The Complex

Now the Chinese Are Hacking Us Through Our Limos

Kevin Mandia, CEO of the cybersecurity company Mandiant, takes a lot of limo rides. Normally, his limo company emails him PDF copies of his invoices after every trip. Recently, though, something changed. "I’ve been receiving PDF invoices not from them, but from an [advanced hacking] group back in China; that’s awesome," said Mandia in D.C. ...

Wikimedia Commons
Wikimedia Commons

Kevin Mandia, CEO of the cybersecurity company Mandiant, takes a lot of limo rides. Normally, his limo company emails him PDF copies of his invoices after every trip. Recently, though, something changed.

"I’ve been receiving PDF invoices not from them, but from an [advanced hacking] group back in China; that’s awesome," said Mandia in D.C. recently. He only caught the attack when the hackers sent receipts on days when he hadn’t used the car service. "I forwarded them to our security service, and they said, ‘Yup, that’s got a [malicious] payload.’"

Emailing a malicious file from a fake or hijacked email account belonging to the acquaintance of a hacker’s target is a famous cyber-espionage tactic called spearphishing.

Hackers often search Google or social media to find the names of their target’s friends and co-workers. They then create a fake email address in the name of a friend or coworker and fire off carefully written emails containing malware to their target.

Mandiant’s digital networks are routinely attacked by Chinese hackers. This is no surprise given that last February the firm published a detailed report of Chinese military intelligence groups attacking the computers of Western businesses. But what makes this attack on Mandiant different — and what makes it a warning to other American businesses — is the intimate knowledge that the hackers seemed to have about Mandia’s business. How did these Chinese hackers know which limo service the CEO uses?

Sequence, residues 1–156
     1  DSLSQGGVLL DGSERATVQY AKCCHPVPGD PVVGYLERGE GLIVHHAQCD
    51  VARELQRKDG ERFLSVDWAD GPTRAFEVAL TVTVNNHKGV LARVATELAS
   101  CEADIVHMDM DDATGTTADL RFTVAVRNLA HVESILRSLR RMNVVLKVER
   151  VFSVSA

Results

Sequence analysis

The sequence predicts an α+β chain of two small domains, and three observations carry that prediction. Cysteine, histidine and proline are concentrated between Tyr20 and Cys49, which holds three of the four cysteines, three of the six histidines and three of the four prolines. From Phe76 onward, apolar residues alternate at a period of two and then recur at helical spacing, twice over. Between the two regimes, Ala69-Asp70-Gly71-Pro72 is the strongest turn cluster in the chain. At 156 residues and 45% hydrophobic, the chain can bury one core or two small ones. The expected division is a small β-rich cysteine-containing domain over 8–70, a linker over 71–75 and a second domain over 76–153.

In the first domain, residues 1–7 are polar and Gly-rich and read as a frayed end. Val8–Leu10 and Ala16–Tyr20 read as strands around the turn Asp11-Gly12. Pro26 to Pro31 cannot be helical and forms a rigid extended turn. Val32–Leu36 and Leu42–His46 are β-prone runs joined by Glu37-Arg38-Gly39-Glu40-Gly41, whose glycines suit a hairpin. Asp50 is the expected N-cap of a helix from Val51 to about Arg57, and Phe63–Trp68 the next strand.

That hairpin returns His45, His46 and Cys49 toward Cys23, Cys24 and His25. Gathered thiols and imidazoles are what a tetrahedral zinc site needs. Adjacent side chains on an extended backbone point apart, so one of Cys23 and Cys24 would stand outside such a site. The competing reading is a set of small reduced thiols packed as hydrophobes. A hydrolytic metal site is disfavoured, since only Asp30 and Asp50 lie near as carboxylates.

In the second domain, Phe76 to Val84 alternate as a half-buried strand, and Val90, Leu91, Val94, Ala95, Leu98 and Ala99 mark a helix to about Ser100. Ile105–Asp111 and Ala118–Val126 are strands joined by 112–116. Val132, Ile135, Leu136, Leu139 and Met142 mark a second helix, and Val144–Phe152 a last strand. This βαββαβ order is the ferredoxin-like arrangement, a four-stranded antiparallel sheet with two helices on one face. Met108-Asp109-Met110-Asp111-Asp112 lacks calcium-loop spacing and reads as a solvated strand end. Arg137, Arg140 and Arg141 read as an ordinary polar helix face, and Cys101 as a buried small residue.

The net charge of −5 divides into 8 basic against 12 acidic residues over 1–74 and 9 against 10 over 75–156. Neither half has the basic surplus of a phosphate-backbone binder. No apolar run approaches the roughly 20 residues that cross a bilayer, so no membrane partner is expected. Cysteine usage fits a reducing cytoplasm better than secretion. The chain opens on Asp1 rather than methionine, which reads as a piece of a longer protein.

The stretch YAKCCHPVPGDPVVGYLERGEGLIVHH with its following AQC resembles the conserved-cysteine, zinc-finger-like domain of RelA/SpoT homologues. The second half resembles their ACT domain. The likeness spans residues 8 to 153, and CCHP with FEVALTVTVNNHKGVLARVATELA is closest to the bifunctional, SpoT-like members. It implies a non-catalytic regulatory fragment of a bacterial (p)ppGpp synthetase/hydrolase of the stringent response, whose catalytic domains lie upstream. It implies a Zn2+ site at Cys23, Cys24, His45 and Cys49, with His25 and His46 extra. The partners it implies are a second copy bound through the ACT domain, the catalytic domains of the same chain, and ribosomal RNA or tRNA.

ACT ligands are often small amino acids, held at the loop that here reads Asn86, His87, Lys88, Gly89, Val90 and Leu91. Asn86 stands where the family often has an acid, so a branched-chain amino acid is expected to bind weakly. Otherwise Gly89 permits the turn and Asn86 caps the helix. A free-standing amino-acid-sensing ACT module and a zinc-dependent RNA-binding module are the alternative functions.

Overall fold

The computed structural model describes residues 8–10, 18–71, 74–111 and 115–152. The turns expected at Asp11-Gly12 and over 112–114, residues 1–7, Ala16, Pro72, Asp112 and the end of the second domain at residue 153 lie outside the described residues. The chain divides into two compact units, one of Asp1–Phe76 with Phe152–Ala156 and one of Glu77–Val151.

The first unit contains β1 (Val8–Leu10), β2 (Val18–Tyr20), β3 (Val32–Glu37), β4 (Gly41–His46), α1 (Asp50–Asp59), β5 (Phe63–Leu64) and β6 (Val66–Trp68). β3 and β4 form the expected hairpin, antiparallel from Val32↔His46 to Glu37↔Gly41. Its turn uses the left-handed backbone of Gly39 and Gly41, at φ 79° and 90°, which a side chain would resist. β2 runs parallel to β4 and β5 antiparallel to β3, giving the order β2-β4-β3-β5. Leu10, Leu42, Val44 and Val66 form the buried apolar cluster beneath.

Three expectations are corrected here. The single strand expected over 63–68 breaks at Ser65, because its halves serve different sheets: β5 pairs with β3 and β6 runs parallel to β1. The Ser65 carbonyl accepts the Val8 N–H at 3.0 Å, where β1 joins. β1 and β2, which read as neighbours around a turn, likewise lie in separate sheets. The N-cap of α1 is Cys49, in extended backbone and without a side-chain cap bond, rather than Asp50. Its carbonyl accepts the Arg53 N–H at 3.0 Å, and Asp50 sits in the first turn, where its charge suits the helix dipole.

"I don’t know; that makes me wonder," Mandia told Foreign Policy.

It’s not like that kind of information is just posted on Facebook. Mandia also doubts that Chinese hackers have gained access undetected to his company’s networks — and if they did, why would they send him spearphishing emails? Instead, Mandia suspects that Chinese intelligence operatives simply showed up at public events where he was speaking and took note of his limo company.

"At a lot of these presentations, I’m standing here talking, and there are 10 foreign nationals from China. It could be they saw" Mandia using the limo, he said.

This is a textbook example of how Chinese spies don’t just target American business moguls via spearphishing and other cyberattacks. Instead, they use a combination of old-fashioned espionage and hacking to target anyone they’ve got a serious interest in.

If you thought that espionage was going totally digital, think again. Modern practitioners of espionage, like warfare, are finding ways to combine centuries-old intelligence-gathering methods with digital ones, for more effective results.

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